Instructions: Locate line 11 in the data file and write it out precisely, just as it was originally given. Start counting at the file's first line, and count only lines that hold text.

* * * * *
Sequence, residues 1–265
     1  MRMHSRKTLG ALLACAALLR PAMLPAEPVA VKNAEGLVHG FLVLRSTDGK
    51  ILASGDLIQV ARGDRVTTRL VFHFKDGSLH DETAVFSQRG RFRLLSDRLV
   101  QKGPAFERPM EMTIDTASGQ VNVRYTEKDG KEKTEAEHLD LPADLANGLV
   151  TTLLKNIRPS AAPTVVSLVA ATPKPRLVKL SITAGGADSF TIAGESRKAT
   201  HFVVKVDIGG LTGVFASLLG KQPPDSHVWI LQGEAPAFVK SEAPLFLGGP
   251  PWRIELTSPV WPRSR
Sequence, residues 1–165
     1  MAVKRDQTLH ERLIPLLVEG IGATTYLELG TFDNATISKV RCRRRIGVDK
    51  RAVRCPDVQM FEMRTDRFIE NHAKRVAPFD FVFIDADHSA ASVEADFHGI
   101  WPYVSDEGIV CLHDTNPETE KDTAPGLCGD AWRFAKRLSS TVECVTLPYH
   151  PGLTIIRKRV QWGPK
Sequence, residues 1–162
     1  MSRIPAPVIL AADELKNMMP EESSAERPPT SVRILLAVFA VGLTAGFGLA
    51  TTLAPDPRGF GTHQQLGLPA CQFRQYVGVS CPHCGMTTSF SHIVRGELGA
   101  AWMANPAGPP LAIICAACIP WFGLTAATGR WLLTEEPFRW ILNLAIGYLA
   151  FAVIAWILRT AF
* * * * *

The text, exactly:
   101  WPYVSDEGIV CLHDTNPETE KDTAPGLCGD AWRFAKRLSS TVECVTLPYH